With rich API datasets mapped together within the API Catalog, organizations can score APIs based on their individual security, management, or strategy requirements. This provides executives with the necessary insights to develop a comprehensive security strategy and make informed decisions about resource allocation. For example, executives can use API scores to identify high-risk APIs that require additional security controls, such as encryption or access controls. They can also better understand which teams or departments may be producing more high-risk APIs, for example, and push resources to further support those teams.


Step 3: Visualize, Analyze, and Report on APIs for Effective Teamwork


By using graph analytics to visualize, analyze, and report on APIs, organizations can overcome the challenges of isolation and teamwork. This provides development and cybersecurity teams with on-demand access to up-to-the-minute data, fostering collaboration and enabling them to coordinate their efforts around API security.


By leveraging graph analytics, data from the API catalog can be auto-populated into pre-built dashboards designed to track the remediation effort. This provides stakeholders with up-to-date information to identify areas that require improvement and prioritize resources accordingly.


For example, development teams can use the API catalog to understand the data being accessed and used by each API, enabling them to design more secure APIs. Cybersecurity teams can use API scores to identify high-risk APIs that require additional security controls, such as penetration testing or vulnerability assessments. With graph analytics, stakeholders can gain a better understanding of the API landscape and prioritize their resources effectively.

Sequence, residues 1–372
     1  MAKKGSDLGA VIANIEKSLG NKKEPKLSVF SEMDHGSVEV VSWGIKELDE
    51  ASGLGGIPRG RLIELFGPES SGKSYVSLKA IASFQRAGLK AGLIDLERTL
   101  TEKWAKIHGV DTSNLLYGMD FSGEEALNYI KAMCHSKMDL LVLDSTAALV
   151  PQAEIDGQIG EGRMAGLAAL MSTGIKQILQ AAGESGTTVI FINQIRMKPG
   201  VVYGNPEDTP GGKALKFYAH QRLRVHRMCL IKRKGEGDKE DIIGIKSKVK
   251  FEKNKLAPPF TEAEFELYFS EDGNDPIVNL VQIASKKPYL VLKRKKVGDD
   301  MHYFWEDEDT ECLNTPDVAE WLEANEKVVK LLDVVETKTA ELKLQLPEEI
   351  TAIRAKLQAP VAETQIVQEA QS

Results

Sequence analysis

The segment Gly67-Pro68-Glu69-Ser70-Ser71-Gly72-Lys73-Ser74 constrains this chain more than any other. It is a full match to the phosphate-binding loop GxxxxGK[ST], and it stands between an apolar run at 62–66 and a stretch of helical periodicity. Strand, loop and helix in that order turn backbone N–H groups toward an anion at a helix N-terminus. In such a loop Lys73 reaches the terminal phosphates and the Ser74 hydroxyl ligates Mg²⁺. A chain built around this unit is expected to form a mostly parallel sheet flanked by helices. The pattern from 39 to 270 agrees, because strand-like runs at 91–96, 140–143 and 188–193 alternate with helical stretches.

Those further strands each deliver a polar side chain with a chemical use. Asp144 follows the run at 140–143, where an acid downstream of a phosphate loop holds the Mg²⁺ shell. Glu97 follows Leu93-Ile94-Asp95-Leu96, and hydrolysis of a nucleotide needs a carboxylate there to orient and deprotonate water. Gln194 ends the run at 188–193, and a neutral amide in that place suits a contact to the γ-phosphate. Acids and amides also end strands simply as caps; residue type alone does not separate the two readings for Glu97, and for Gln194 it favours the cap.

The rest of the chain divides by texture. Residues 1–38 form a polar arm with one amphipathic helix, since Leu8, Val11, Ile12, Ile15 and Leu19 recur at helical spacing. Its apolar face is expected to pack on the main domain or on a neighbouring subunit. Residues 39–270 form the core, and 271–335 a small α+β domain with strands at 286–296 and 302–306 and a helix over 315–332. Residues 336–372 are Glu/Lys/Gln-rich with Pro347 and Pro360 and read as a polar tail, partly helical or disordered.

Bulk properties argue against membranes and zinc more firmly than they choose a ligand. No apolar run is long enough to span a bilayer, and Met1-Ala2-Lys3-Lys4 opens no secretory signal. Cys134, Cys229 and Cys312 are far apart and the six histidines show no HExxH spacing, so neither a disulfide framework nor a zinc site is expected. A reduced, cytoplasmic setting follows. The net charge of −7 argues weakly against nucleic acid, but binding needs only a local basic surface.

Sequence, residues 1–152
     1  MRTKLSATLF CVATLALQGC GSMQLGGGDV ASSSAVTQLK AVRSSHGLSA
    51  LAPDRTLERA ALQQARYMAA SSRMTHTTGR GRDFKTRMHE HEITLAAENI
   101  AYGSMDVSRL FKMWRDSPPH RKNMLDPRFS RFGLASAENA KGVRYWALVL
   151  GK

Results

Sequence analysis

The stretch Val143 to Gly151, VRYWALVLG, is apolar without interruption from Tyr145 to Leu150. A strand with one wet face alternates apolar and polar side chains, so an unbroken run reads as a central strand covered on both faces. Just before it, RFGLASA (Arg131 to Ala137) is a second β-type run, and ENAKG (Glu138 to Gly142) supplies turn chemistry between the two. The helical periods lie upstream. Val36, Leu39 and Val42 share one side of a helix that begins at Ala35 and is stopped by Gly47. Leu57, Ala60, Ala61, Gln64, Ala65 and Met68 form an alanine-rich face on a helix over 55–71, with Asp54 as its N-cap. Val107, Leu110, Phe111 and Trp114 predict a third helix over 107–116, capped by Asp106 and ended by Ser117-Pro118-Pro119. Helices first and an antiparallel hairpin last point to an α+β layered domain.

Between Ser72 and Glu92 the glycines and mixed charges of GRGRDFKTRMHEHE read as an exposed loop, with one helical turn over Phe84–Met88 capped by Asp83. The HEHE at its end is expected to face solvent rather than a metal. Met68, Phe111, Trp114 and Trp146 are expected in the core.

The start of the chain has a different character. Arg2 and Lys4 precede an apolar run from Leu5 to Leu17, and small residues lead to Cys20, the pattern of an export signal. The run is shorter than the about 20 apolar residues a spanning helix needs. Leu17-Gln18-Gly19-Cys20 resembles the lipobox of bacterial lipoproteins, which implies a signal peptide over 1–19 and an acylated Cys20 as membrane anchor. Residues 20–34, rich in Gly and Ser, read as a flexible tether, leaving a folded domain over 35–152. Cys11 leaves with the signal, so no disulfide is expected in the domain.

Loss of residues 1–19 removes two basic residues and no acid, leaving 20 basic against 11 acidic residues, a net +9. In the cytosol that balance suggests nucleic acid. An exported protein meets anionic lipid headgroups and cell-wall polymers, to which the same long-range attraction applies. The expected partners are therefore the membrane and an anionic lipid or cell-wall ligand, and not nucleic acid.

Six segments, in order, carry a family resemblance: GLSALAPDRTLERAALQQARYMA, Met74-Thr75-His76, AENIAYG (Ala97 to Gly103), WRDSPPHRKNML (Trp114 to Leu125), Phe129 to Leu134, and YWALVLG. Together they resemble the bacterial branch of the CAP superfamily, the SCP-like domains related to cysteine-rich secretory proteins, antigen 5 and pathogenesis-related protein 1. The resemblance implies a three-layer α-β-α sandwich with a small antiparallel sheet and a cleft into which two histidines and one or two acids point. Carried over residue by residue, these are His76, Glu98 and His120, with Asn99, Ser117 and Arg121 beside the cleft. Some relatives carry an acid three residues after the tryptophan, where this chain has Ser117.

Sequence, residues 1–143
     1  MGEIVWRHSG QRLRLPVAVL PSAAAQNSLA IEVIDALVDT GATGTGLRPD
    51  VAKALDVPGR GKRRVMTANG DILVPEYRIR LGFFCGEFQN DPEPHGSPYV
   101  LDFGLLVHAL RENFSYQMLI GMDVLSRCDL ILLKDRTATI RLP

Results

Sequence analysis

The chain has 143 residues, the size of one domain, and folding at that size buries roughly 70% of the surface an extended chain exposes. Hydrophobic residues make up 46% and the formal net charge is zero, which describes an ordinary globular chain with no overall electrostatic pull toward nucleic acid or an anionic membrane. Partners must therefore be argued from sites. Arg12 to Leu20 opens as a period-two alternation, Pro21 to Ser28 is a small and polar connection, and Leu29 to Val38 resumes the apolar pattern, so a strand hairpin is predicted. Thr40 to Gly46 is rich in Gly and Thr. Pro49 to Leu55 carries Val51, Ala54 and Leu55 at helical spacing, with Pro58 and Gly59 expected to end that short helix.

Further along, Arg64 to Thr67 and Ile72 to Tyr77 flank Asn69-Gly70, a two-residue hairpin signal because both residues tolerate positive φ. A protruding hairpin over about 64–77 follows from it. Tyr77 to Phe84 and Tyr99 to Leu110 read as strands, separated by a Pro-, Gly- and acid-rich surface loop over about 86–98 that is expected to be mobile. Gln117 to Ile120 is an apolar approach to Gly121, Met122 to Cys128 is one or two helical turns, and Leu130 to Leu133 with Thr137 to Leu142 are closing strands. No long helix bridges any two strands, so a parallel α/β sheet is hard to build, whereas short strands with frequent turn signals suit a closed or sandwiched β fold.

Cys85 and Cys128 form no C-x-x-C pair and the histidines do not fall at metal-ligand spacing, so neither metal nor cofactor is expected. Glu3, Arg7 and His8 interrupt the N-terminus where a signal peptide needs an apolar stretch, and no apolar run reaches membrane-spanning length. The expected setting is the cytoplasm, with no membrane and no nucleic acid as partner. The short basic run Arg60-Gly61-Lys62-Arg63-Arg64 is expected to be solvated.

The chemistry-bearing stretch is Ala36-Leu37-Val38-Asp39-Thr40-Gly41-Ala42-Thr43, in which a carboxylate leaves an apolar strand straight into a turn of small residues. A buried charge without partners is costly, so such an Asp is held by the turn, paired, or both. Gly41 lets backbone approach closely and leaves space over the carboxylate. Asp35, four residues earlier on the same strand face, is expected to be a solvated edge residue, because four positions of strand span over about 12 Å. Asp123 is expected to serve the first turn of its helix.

The API Landscape Assessment

By implementing the API Landscape Assessment, organizations can establish comprehensive visibility, provide essential executive oversight, and close the gaps between development and cybersecurity teams. This approach provides a more effective API security strategy, enabling organizations to identify potential vulnerabilities and risks and take proactive steps to mitigate them.


By cataloging APIs, scoring them, and visualizing, analyzing, and reporting on them using graph analytics, organizations can develop a more holistic view of their API environment and enable effective collaboration among stakeholders. Using this approach, organizations can reduce the risk of cyberattacks, improve collaboration between development and cybersecurity teams, and enable more effective resource allocation.


Download the overview of the assessment below and click here to schedule a meeting to` get started with the API Landscape Assessment from Process Tempo + Neo4j.

Process Tempo + Neo4j API Landscape Assessment